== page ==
How to Be a Good Training Partner, Part 2: What to Wear to Grapple

What message are you sending when you suit up for Brazilian Jiu-Jitsu class? Make sure it is the right message, one that will make people want to train with you.

In an earlier piece, I gave some suggestions about how to be a good training partner in Brazilian Jiu-Jitsu. Those suggestions focused on how to ACT. In this piece, I’d like to focus on suggestions for how to present your actual self, your body, your bag o’ bones. What you choose to have on your person when you attend BJJ class speaks volumes about the kind of training partner people will believe you are likely to be – before you even step on the mat.


Within the confines of the appropriate gi and no gi attire, there is some wiggle room. But don’t wiggle too hard, because you might hurt yourself. Ladies, cover up everything that should be covered. For instance, wear a rash guard over your sports bra, even under a gi. Whale tails, cleavage, and other glimpses of the goods may send the message you aren’t really serious about BJJ and just want a boyfriend, whether or not this is actually true. It will also confuse the gents and irritate the ladies.

Guys, you need to leave something to the imagination as well. Are you a professional mixed martial artist? If the answer is no, which it probably is, then when you are training no-gi, put on a rash guard or shirt to cover up that chest and armpit hair, and put on some board shorts over your compression shorts. Georges St. Pierre gets to display his assets, because very few people are going to be able to tell him not to. But the vocational grappler should follow a different, more circumspect set of rules. As a wise person (me) once quipped to a teammate who thought he was going to wear a wifebeater to no-gi class: “This ain’t your dirtbag beach party.” (And yes, it got a laugh; yes, the other students in the class, male AND female, were glad I said something; and yes, he put on a regular t-shirt. You’re welcome.)


Nobody is trying to curtail your fashion statements when they ask you to remove your jewelry. They are trying to keep from getting vivisected by your pointy gold medallion. Grappling requires close contact and explosive movement. Adding sharp metal objects to this equation is an example of the Stupid Math. I heard a story about a woman who had to have a bobby pin surgically removed from her ear because her training partner didn’t realize wearing one in her hair could be like hiding a miniature spear on her person. So, to keep yourself and your training partners safe from slings and arrows, or at least things that are shaped like them, remove your chains, barrettes, and all manner of rings (toe, lip, ear, regular). If you are worried about losing them, leave them at home.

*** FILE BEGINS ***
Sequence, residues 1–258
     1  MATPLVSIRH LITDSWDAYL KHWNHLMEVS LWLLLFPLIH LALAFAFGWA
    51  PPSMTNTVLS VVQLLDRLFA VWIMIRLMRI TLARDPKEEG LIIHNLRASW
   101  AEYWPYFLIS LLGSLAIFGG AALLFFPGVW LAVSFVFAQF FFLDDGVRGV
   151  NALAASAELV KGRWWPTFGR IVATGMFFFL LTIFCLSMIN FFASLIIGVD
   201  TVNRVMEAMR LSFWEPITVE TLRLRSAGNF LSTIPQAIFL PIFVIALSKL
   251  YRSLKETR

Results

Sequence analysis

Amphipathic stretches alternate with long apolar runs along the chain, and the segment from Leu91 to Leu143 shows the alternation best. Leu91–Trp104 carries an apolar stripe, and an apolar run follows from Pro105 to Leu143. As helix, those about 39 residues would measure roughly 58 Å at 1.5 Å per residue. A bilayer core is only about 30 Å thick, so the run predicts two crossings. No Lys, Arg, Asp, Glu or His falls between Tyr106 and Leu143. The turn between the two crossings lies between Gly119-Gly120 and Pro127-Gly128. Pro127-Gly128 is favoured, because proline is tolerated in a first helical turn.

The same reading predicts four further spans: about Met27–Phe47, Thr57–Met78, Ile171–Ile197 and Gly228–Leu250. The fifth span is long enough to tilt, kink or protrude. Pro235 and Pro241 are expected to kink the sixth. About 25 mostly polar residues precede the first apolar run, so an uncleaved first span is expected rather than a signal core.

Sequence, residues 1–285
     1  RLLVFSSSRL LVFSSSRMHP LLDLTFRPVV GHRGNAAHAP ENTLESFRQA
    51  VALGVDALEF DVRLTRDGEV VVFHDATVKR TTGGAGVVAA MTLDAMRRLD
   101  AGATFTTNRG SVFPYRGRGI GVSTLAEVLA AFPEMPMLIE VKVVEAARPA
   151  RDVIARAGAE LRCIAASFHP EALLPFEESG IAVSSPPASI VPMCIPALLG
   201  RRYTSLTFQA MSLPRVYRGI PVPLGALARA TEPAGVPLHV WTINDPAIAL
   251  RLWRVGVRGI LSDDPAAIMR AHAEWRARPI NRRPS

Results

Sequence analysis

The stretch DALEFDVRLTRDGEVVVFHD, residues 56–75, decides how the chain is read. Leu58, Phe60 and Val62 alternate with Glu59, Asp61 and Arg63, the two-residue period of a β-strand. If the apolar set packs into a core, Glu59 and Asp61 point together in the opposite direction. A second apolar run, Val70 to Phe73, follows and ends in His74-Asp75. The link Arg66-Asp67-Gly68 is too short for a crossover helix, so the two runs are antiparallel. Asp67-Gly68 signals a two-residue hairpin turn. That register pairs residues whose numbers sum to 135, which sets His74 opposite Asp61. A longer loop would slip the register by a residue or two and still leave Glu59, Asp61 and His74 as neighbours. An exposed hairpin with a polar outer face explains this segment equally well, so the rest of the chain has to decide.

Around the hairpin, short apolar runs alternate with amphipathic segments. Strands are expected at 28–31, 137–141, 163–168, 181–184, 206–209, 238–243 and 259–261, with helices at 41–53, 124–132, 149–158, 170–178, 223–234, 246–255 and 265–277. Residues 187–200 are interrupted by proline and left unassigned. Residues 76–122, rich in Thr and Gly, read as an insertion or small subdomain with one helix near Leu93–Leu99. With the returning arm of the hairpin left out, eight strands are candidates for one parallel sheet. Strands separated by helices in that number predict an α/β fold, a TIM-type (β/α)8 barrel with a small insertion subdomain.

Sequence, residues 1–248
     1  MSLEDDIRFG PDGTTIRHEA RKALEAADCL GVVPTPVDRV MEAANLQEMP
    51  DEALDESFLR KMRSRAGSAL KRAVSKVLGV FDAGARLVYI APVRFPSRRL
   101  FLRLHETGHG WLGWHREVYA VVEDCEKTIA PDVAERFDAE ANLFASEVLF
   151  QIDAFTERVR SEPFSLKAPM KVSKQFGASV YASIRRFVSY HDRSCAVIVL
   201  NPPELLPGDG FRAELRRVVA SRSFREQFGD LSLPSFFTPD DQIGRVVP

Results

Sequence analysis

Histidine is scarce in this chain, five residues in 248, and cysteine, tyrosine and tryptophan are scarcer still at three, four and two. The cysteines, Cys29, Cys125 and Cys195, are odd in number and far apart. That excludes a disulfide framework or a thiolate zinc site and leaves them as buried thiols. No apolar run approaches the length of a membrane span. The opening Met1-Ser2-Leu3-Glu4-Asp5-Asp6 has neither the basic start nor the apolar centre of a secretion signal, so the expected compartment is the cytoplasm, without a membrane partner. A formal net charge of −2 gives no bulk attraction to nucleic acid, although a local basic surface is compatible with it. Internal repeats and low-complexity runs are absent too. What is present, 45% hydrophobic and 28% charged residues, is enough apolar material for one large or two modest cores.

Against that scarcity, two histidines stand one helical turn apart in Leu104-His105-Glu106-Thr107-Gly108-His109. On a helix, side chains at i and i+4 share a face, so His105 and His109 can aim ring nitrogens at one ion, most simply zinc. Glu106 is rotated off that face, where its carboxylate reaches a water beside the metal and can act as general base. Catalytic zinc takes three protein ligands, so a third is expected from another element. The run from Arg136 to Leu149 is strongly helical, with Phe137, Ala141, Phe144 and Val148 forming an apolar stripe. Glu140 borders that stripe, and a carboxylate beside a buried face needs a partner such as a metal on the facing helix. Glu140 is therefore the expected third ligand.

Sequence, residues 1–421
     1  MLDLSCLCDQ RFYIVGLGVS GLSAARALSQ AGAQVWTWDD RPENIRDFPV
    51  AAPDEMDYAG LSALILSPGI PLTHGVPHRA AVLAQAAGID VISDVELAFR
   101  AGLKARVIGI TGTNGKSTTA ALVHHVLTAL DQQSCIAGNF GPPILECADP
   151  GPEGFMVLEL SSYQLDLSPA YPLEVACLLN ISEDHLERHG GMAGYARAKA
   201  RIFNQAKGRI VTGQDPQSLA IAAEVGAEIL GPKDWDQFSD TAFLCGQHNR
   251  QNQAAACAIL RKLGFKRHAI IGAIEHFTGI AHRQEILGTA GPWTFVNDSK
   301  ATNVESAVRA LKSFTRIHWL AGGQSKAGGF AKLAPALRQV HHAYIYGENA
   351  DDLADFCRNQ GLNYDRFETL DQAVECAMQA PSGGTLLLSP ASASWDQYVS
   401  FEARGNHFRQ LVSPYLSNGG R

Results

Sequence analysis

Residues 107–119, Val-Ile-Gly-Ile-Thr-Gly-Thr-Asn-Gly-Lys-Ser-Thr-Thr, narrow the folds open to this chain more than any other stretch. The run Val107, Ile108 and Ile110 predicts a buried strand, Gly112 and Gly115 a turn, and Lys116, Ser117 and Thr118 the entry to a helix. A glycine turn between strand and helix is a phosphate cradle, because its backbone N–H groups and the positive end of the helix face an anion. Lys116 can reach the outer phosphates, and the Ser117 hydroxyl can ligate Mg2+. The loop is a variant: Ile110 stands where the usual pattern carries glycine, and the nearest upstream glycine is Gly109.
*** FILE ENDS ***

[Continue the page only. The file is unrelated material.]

Keep the makeup to a minimum. Once very early in my grappling career, I noticed some tan and black smears on the collar of my (white) gi after a training session. It turns out my partner, a lovely but unaware lady, had been wearing full-on foundation, blush, eyeliner, and eyeshadow while we trained, and it sweated off onto my gi. Ladies, makeup has no place on the grappling mat, because it is likely to stay on the grappling mat, or on your partner. And gents, you have a role to play too, lest you think you’re getting off easy on this one. Yes, styling gel, hairspray, cologne, body butter, spray tan, and the like all have a place. But to quote the illustrious Madonna, that place is called a dance floor.


One of the jokes in the grappling world is about “Stinky-Gi Guy.” Every academy seems to have one. Stinky-Gi Guy is the student who sweats for hours in his gi, wads it up, leaves it in the trunk of his car for 2 days in 85-degree weather, and then shakes it out and puts it back on again, unwashed, the next time he trains. He smells like a barn full of zombies, and he is likely a walking, talking infection. Don’t be Stinky-Gi Guy. Nobody wants to train with that. Show up to class wearing clean, well-fitting, nice-smelling clothes.

Make sure your person is well-groomed as well. Manicures and pedicures are nice in normal life, but long finger- and toenails are not advised on the mat, because they can gouge the crap out of someone who might be able to smash you. In addition, if you have any skin lesions, either thanks to Mr. Gi Guy or for another reason, keep them off the mat. The close contact and warm, moist conditions of grappling create a field day for conditions like ringworm, staph, and folliculitis. These can spread like wildfire through an academy, sidelining many people who will be more than a little upset you decided to share the wealth. Stay off the mat until your skin clears up and you are no longer contagious.

So if you are a grappler, think twice about what you wear the next time you show up to class. Remember just as in other aspects of our lives, for better or worse, in grappling our sartorial decisions affect how people react to us. Make sure your decisions result in positive reactions!

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